• We are sorry, but NCBI web applications do not support your browser and may not function properly. More information
Logo of plntphysLink to Publisher's site
Plant Physiol. Jan 2009; 149(1): 434–444.
PMCID: PMC2613733

The Arabidopsis A4 Subfamily of Lectin Receptor Kinases Negatively Regulates Abscisic Acid Response in Seed Germination1,[W][OA]


Abscisic acid (ABA) is an important plant hormone for a wide array of growth and developmental processes and stress responses, but the mechanism of ABA signal perception on the plasma membrane remains to be dissected. A previous GeneChip analysis revealed that a member of the A4 subfamily of lectin receptor kinases (LecRKs) of Arabidopsis (Arabidopsis thaliana), At5g01540 (designated LecRKA4.1), is up-regulated in response to a low dose of ABA in the rop10-1 background. Here, we present functional evidence to support its role in ABA response. LecRKA4.1 is expressed in seeds and leaves but not in roots, and the protein is localized to the plasma membrane. A T-DNA knockout mutant, lecrka4.1-1, slightly enhanced ABA inhibition of seed germination. Interestingly, LecRKA4.1 is adjacent to two other members of the A4 subfamily of LecRK genes, At5g01550 (LecRKA4.2) and At5g01560 (LecRKA4.3). We found that loss-of-function mutants of LecRKA4.2 and LecRKA4.3 exhibited similarly weak enhancement of ABA response in seed germination inhibition. Furthermore, LecRKA4.2 suppression by RNA interference in lecrka4.1-1 showed stronger ABA inhibition of seed germination than lecrka4.1-1, while the response to gibberellic acid was not affected in lecrka4.1-1 and lecrka4.1-1; LecRKA4.2 (RNAi) lines. Expression studies, together with network-based analysis, suggest that LecRKA4.1 and LecRKA4.2 regulate some of the ABA-responsive genes. Taken together, our results demonstrate that the A4 subfamily of LecRKs has a redundant function in the negative regulation of ABA response in seed germination.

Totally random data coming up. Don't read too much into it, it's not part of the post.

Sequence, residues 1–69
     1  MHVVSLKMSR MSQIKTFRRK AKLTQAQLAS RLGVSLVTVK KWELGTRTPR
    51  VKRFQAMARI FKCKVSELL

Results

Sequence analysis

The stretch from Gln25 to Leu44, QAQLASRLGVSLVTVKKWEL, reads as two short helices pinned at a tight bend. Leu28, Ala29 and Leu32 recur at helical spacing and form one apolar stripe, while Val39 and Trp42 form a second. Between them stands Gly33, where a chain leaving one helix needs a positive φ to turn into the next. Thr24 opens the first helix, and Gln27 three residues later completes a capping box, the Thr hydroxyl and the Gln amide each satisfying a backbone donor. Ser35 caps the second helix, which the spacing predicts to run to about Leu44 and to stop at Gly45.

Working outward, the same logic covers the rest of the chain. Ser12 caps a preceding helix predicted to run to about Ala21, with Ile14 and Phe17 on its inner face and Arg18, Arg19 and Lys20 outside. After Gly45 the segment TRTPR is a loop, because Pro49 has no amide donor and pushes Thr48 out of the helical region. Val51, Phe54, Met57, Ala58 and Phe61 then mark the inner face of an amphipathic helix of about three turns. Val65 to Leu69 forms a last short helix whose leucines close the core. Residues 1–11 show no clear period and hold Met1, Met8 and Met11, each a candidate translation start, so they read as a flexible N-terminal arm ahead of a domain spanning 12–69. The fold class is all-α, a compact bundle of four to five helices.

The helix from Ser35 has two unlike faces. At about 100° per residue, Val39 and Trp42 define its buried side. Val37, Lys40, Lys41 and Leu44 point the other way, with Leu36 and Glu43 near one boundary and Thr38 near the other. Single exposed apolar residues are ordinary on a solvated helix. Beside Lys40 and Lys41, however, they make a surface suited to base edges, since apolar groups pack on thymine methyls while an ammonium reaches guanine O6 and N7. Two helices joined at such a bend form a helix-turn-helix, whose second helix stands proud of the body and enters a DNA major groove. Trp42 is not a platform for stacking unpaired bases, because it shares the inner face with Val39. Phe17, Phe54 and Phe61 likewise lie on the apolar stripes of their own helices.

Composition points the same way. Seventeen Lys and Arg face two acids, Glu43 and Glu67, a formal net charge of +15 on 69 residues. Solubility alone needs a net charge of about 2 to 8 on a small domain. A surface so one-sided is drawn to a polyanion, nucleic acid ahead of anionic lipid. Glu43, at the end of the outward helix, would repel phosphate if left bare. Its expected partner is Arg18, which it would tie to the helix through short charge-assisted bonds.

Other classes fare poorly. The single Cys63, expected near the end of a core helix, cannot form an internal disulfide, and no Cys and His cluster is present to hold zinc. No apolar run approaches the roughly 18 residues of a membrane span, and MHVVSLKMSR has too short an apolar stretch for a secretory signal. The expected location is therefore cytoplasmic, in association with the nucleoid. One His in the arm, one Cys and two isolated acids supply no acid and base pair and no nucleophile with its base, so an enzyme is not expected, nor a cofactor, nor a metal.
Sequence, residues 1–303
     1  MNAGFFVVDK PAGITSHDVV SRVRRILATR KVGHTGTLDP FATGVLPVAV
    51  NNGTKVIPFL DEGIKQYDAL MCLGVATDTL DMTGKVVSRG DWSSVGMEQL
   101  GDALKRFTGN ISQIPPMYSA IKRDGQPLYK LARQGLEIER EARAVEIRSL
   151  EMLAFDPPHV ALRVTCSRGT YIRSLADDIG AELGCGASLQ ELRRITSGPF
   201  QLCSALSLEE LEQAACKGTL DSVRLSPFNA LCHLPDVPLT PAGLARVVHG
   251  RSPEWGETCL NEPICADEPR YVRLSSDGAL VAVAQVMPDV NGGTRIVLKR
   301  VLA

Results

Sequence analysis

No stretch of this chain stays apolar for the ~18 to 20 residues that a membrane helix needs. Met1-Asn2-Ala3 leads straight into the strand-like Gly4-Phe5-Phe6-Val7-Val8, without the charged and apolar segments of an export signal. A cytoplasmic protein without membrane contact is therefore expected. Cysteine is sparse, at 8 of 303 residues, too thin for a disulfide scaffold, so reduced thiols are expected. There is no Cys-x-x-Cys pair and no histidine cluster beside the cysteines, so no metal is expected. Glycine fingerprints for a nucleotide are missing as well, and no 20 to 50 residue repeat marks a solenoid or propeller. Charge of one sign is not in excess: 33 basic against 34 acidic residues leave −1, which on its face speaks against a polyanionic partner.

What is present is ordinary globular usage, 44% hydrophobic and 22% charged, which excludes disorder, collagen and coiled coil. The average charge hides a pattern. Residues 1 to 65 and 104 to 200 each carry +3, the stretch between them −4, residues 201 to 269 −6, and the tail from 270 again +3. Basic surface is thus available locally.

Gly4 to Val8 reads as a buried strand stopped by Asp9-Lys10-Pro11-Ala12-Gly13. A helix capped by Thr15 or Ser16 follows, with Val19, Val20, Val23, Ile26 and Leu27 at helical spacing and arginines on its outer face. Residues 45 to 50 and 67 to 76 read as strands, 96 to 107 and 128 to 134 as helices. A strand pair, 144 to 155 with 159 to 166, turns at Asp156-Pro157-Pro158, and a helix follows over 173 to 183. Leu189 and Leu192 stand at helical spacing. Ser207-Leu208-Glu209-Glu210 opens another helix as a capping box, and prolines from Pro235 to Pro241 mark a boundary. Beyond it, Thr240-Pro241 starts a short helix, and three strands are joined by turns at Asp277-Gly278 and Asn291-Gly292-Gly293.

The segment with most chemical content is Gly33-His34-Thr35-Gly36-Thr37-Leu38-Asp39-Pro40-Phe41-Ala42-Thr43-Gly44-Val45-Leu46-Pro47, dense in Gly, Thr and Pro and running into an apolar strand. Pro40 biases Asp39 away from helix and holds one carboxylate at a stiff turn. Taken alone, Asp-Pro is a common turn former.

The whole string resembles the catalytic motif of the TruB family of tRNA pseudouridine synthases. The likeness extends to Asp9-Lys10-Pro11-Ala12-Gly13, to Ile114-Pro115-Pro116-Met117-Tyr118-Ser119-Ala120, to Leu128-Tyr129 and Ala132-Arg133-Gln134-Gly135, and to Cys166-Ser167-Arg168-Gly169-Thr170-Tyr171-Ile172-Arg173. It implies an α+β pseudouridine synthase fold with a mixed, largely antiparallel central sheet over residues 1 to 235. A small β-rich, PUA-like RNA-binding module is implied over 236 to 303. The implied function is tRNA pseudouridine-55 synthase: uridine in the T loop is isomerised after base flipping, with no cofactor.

Abscisic acid (ABA) is a hormone that modulates a wide spectrum of growth and developmental processes (such as seed maturation, dormancy, and germination) and responses to biotic and abiotic stresses (Finkelstein et al., 2002; Himmelbach et al., 2003; Xie et al., 2005). Although ABA signal perception and transduction pathways have not been clearly demonstrated yet, nearly 50 genes have been shown to affect ABA responses through forward and reverse genetics (Finkelstein et al., 2002). Among them, the ABA signaling proteins that are associated with the plasma membrane (PM) are of particular interest (Wang and Zhang, 2008; Wasilewska et al., 2008; Zheng and Xin, 2008). It is well recognized that PM is an important site for ABA perception (Finkelstein et al., 2002; Yamazaki et al., 2003; Wang and Zhang, 2008; Zheng and Xin, 2008), although direct biochemical evidence has been reported that ABA can also be sensed in the plastid (Shen et al., 2006) or the nucleus (Razem et al., 2006).

Two major types of PM-associated proteins have been increasingly recognized as important ABA perception or signaling components. The first one is the PM-integral receptor-like kinases. Among more than 600 receptor-like kinases in Arabidopsis (Arabidopsis thaliana), RPK1 was shown to be induced starting 1 h after the ABA treatment (Hong et al., 1997). Recently, the RPK1 mutants and antisense transgenic plants were shown to reduce seed dormancy and the sensitivity to ABA inhibition of seed germination (Osakabe et al., 2005). Although RPK1 controls the expression of many ABA-inducible genes, it remains to be determined whether RPK1 is a PM-localized ABA receptor.